3. Rabbi ben Halafta, J., Seder Olam Rabbah: The Rabbinic View of Biblical
Chronology, Guggenheimer, H.W. (transl.), Rowman and Littlefield
Publishers, Lanham, MD, p. 3, 1998.
4. Josephus, Antiquity of the Jews, Thackeray, H. St. J. (transl.), Jewish
Antiquities, Books I–IV, Harvard University Press, Cambridge, MA, 1. 6. 4.
5. Book of Jubilees, in Charles, R.H. The Apocrypha and Pseudepigrapha of
the Old Testament, Clarendon Press, Oxford, UK, 1913.
6. Fouts, D.M., Peleg in Gen. 10: 25, JETS
41( 1): 17–21, March 1998.
7. See Sarfati, J.D., The Genesis Account, Creation Book Publishers, Powder
Springs, GA, ch. 23–24, 2015; Sarfati, J.D., ‘In Peleg’s days, the earth was
divided’: What does this mean? creation.com/in-pelegs-days-the-earth-was-divided.
8. Fouts also suggests the traditional view may point to two aspects, one related
to the Babel scattering, the other to a separation between Peleg and Joktan.
9. John Calvin (1509–1564), Sermons on Genesis: Chapters 1–11 [from 1554];
Banner of Truth, Edinburgh, UK, p. 324, 1984.
10. Bede: The Reckoning of Time, Wallis, F. (transl.), Liverpool University Press,
Liverpool, UK, p. 164, 1999.
11. Gill, Exposition of the Old and New Testament, published in two parts:
firstly, in 3 volumes on An Exposition of the Ne w Testament (1746–1748), and
secondly, in 6 volumes on An Exposition of the Old Testament (1748–1763).
Commentary on Genesis 10: 25 and 11: 8.
12. See, for instance, Sarfati, ref. 7, p. 652; Keil, C.F. and Delitzsch, F., Biblical
Commentary on the Old Testament 1:171, 176, 1857; and Leupold, H.C.,
Exposition of Genesis, 1:378, 1942.
13. Skinner, J., A Critical and Exegetical Commentary on Genesis, (2nd edn), ICC:
T and T Clark, Edinburgh, UK, p. 220, 1930.
14. Morris, J.D. and Johnson J.J.S., Rightly dividing the word about Peleg,
Presentation at CRS Conference, 10 July 2009.
15. One Jewish source from the 16th century, the midrash Sefer ha Yashar, also
suggests two events: a division of people, and later a division of the earth.
However, most Christian and Jewish sources consider it to be of questionable
origin, and therefore unreliable. Sefer haYashar, ch.7: 19 “These are the
generations of Shem; Shem begat Arpachshad and Arpachshad begat Shelach,
and Shelach begat Eber and to Eber were born two children, the name of one
was Peleg, for in his days the sons of men were divided, and in the latter days,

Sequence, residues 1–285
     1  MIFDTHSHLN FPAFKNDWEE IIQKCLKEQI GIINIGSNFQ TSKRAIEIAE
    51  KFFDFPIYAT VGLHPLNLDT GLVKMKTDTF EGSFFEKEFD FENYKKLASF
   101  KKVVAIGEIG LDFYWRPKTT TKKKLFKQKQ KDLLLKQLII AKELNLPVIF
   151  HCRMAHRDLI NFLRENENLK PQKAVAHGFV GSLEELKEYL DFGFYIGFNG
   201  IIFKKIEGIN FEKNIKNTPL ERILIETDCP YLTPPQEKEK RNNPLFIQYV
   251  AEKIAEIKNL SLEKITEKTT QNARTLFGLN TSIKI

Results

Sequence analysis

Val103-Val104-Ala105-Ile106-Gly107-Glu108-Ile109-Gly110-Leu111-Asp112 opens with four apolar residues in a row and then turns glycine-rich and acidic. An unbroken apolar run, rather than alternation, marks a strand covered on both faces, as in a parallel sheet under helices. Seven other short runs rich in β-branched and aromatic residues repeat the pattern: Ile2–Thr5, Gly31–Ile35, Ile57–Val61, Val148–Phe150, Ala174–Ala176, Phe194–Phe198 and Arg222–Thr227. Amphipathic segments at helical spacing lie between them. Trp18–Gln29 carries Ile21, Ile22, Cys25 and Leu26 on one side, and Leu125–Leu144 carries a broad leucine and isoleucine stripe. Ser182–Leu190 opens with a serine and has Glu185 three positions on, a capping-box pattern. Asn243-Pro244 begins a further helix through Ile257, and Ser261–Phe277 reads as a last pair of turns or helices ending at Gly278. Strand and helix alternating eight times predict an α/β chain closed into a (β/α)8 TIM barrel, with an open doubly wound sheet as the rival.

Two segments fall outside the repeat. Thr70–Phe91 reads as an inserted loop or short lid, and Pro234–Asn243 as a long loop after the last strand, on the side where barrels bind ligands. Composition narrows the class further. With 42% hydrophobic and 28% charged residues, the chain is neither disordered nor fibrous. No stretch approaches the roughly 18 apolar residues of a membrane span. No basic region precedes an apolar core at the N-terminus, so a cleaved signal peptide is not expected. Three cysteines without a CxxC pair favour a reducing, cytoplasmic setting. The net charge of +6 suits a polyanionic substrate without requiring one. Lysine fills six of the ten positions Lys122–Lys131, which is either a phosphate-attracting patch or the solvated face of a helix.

the earth was divided.” Edited by Parry, J.H., Published Parry and Company,
Salt Lake City, U T, 1887. Claimed first edition 1552, Naples, surviving printed
edition from Venice, 1625. See Jacobs, J. and Ochser, S., YASHAR, SEFER
HA-, Jewish Encyclopedia, vol. 12, pp. 588–589, 1906.
16. Often nip̄ ·lə·ḡāh is used with reference to water, but there is insufficient space
to discuss that here.
17. Cosner, L., Carter., R., Textual traditions and biblical chronology, J. Creation
29( 2): 99–105, 2015.
18. Whitcomb J.C. and Morris, H.M., The Genesis Flood, P and R Publishing, p.
19. Hodge, B., Tower of Babel, Master Books, Green Forest, AR, ch. 7, 2013.
20. Snelling AA. and Matthews, M., When Was the Ice Age in Biblical History?
Answers 6: 46–52, 2013.
21. Ussher, ref. 2.
22. Sarfati, ref. 7, p. 655.
23. Africanus, J., Extant Fragments of Five Books of Chronology of Julius
Africanus, VI–VIII; in: Schaff, P. (Ed.), Ante-Nicene Fathers (ANF), vol. 6,
T and T Clark, Edinburgh, UK, 1886–1890.
24. Augustine, ref. 2. He also thought the original language was Hebre w and this
was retained by the descendants of Eber.
25. Augustine suggests only 12 sons of Joktan; Augustine, ref. 2.
26. Augustine, ref. 2.
27. Josephus, ref. 4, 1. 6. 5; Augustine, City of God, NPNF, 16. 10.
28. Waddell, W.G, (trans.), The Fragments of Manetho, Loeb Classical Library
edition, Harvard University Press, appendix IV—The Book of Sôthis or The
Sôthic Cycle (from Syncellus), pp. 238–239, 1940.
29. Adler, W., Berossus, Manetho, and 1 Enoch in the World Chronicle of
Panodorus, vol. 76, no. 4, The Harvard Theological Review, Cambridge Uni.
Press, pp. 419–442, 1983.
30. Pierce, L., In the days of Peleg, Creation
22( 1): 46–59, 1999.
31. Jubilees 8: 8–11, “And in the sixth year [1567 AM] thereof, she bare him son,
and he called his name Peleg; for in the days when he was born the children of
Noah began to divide the earth amongst themselves: for this reason he called
his name Peleg. And it came to pass in the beginning of the thirty-third jubilee